Ursids are mainly animals of northern temperate regions and are found farther north than any other mammal. The Arctic fox is found as far north on land, but the polar bear regularly roams on sea ice hundreds of kilometres from shore. Africa and Australia lack bears entirely. The spectacled bear of the South American Andes Mountains is the only species that lives south of the Equator.

Although clumsy in appearance, bears can move surprisingly fast, even through dense cover that would seriously impede a human or a horse. Their senses of sight and hearing, however, are poorly developed, and most hunting is done by smell. Some, such as black and spectacled bears, are strong climbers, and all are strong swimmers, most notably the polar bear. Bears do not generally communicate by sound and usually are quiet, but they do growl at times when feeding, when being challenged by another bear or by humans, and when competing for mates.

Except for the carnivorous polar bear and the vegetarian giant panda, ursids are omnivorous, consuming many items that seem small for an animal of such large size. Ants, bees, seeds of trees, roots, nuts, berries, insect larvae such as grubs, and even the dainty dogtooth violet are eaten. Many bears relish honey, and the sun bear is sometimes called the “honey bear” because of this. Prey taken by bears include rodents, fish, deer, pigs, and seals. Grizzlies (North American subspecies of the brown bear, Ursus arctos) are known for their skillful fishing during the spawning runs of salmon. The polar bear’s diet is dictated by the Arctic environment, as little vegetation grows within its range. The Asian sloth bear (Melursus ursinus) delights especially in raiding and destroying termite nests, sucking up termites and larvae with its funnel-like lips. The giant panda has a special bone formation of the forefoot that functions as a sixth digit it is opposable to the other five and thus is useful in handling bamboo.

Most bears, including the American and Asiatic black bears (Ursus americanus and U. thibetanus), eat large amounts of food before entering a den for a period of deep sleep during the winter. The polar bear digs a den in the snow, whereas grizzlies build large mounds of dirt in front of their dens. Bears, however, lack the physiological characteristics (lower heart rate, body temperature, breathing rate, and blood pressure) exhibited by animals that truly hibernate.

Male polar bears sometimes aggregate otherwise bears are solitary, except during the mating season. Then they tend to congregate, pair off, and mate in seclusion. The male leaves the female soon after mating and plays no role in raising the young. Gestation periods vary, the fertilized egg remaining dormant in the uterus ( delayed implantation), which ensures the birth of young while the female is in the winter den and guarantees that the cubs will emerge from the den in the spring, when food is abundant. Ursids breed once per year at most, and many bears breed only every two to four years. The breeding season is usually in late spring or early summer. Delayed implantation results in most births occurring in January or February. Newborn bears weigh about half a kilogram (one pound) and are about 23 cm (9 inches) long from the nose to the tip of the short tail. Twins are most common in bears, but up to five young may be produced. The cubs nurse for a few months and stay with the female until the next breeding (about a year and a half or more after birth). Most young, however, can get along on their own by about six months of age. Bears reach breeding condition at three and a half to six years of age, males usually maturing later than females. Longevity of bears in the wild ranges from 15 to 30 years, but in captivity they can live considerably longer.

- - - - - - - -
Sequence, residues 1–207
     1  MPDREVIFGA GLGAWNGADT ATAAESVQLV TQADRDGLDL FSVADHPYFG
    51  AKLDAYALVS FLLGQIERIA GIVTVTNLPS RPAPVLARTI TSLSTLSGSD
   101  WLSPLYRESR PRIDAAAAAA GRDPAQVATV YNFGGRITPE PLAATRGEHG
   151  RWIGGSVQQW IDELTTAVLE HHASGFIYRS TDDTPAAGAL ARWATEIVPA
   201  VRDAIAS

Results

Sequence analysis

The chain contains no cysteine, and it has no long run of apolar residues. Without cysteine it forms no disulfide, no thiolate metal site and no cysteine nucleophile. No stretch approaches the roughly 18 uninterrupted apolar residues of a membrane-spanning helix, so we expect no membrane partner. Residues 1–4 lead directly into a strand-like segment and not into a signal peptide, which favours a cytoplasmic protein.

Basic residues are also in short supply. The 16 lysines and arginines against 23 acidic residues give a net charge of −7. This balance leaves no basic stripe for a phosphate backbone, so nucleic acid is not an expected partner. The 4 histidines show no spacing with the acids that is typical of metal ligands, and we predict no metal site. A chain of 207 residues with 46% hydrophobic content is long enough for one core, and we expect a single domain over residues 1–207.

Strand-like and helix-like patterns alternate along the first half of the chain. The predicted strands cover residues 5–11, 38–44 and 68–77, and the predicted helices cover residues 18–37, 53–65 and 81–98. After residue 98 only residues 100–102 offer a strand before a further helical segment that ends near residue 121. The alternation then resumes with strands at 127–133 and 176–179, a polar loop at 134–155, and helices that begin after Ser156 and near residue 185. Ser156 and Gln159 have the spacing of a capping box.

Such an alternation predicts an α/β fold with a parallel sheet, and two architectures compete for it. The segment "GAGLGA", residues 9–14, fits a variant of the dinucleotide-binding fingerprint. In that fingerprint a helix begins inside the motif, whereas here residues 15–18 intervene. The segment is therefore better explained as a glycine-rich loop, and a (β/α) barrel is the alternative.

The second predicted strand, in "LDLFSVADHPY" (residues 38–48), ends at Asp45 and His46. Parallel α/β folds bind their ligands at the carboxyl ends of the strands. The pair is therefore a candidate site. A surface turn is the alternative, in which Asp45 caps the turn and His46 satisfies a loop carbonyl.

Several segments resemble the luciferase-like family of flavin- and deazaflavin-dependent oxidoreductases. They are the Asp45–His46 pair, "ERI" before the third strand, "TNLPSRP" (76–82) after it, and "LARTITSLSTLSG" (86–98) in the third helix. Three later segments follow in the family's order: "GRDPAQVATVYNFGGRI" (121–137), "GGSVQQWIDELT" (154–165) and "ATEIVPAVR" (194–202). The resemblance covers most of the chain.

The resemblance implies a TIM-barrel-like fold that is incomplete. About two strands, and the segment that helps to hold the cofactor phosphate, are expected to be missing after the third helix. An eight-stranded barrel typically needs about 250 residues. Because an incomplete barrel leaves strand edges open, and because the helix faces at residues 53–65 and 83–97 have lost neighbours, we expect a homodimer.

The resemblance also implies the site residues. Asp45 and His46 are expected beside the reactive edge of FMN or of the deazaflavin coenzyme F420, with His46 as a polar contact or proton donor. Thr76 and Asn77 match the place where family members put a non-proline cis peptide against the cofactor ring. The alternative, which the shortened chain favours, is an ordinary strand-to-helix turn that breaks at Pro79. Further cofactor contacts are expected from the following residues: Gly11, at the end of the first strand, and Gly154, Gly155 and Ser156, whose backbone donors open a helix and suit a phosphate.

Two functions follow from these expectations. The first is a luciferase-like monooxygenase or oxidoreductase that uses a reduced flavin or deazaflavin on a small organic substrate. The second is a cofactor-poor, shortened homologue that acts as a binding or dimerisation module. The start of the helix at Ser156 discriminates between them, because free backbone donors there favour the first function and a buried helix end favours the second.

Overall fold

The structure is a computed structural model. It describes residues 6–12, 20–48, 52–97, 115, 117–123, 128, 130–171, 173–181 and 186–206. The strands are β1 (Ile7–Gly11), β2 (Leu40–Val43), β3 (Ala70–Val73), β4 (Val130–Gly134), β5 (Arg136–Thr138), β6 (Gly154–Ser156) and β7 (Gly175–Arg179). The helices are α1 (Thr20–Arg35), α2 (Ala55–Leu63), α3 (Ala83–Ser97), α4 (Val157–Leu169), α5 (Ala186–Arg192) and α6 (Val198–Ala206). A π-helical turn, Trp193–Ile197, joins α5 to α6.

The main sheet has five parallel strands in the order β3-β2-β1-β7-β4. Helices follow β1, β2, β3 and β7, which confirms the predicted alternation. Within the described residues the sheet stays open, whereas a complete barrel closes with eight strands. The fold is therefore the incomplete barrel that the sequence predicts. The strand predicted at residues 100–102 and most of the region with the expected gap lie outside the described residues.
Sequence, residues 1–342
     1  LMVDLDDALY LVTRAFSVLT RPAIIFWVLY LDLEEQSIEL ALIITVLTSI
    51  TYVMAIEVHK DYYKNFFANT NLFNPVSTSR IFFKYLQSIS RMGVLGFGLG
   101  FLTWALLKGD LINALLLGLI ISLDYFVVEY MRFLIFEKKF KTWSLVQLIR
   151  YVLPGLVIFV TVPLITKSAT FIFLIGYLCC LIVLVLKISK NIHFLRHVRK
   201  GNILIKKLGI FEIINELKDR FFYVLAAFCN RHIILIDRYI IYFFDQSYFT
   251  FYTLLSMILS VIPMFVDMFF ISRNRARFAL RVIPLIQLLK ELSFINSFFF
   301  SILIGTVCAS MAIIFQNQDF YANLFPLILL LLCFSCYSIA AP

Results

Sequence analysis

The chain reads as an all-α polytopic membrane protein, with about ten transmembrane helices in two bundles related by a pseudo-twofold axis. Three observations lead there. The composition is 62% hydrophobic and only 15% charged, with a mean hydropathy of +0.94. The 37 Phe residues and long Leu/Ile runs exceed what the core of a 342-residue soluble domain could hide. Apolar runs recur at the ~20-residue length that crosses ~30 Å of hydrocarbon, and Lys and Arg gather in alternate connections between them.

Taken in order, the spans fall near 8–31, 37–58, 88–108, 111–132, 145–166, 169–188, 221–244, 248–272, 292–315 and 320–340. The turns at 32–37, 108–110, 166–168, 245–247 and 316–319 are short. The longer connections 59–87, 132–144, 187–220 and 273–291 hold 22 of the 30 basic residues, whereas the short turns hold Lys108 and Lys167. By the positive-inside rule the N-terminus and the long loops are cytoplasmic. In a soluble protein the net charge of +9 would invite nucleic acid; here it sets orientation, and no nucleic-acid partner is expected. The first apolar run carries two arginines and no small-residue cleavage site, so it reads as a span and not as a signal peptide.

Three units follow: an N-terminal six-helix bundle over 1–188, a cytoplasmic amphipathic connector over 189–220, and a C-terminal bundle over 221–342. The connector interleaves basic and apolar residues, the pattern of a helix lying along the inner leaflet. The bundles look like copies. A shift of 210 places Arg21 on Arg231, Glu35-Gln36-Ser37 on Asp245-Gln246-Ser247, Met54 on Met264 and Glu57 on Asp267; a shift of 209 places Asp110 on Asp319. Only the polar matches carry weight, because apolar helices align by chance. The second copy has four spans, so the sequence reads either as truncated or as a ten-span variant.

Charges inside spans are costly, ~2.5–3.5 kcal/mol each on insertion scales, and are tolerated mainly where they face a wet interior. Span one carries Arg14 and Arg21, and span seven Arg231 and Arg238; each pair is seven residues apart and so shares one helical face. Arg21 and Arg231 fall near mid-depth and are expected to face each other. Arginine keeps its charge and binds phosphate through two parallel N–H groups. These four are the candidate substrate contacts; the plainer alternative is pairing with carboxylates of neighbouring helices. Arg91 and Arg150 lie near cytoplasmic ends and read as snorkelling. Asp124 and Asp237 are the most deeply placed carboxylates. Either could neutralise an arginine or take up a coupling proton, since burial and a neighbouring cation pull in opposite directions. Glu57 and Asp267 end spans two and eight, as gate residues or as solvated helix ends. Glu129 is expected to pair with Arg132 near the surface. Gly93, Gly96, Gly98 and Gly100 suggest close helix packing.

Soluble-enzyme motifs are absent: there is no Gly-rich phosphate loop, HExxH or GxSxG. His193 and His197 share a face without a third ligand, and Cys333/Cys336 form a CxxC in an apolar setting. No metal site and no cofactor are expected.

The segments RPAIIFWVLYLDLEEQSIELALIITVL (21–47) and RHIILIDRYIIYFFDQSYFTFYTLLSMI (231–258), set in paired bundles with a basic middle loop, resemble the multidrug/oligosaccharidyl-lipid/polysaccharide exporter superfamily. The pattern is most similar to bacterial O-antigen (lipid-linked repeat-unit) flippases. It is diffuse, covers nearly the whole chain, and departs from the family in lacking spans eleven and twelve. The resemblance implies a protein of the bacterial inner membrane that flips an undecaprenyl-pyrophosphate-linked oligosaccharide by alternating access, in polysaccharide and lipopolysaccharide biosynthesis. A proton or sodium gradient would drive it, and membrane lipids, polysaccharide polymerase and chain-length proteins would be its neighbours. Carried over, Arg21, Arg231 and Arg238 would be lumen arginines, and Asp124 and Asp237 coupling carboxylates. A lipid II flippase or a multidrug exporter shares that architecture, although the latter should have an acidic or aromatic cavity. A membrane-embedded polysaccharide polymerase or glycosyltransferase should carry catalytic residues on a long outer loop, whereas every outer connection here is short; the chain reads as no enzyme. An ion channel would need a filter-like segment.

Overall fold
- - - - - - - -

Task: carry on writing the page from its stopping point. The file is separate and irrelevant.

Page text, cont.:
Because of their large size, bears have few natural enemies in the wild. Most mortality occurs because of hunting by humans. On occasion, bears that fail to accumulate enough fat to last throughout the winter may die of starvation. Young bears are more vulnerable to predation because of their smaller size and thus may be killed by other carnivores such as wolves or cougars but most importantly by other bears, especially males. For this reason, females with cubs are highly protective of their young in the vicinity of males.

Home ranges occupied by individual bears vary in size depending on the abundance of food, and larger areas are used when food is in short supply. Although highly variable among geographic areas and even among seasons, American black bears roam areas of 40 to 200 square km (15 to 77 square miles), grizzlies about 300–700 square km. Some polar bears trek across ranges of more than 125,000 square km (48,000 square miles).

Animal Facts: Polar bear

The polar bear's Latin name, ursus maritimus, means “sea bear.” It is the only bear that is considered a marine mammal because it depends upon the marine environment for survival. It is the largest land carnivore in North America. Its long body, neck and skull distinguish it from other types of bears.

The polar bear is well adapted to life in the extremes of the Arctic. Its distinctive white coat acts as camouflage in the snow and ice. That’s important for polar bears as it makes them hard to see when they are stalking seals or trying to hide from hunters. Meanwhile, the soles of the polar bear's feet have small bumps and cavities. These provide suction to prevent the bear from slipping on the icy terrain.

Polar bears spend most of their lives on sea ice, which they use as a platform to hunt their favorite food: ringed seals. A keen sense of smell is key to the polar bear’s success as a hunter, and these bears can detect a seal's breathing hole in the ice from up to a kilometre away.

In Canada, polar bears can be found from James Bay to northern Ellesmere Island, and from Labrador to the Alaskan border. Churchill, Manitoba, on the western coast of Hudson Bay, is one of the three largest polar bear maternity denning areas in the world. Canada is one of five "polar bear nations," along with the United States (Alaska), Russia, Denmark (Greenland) and Norway.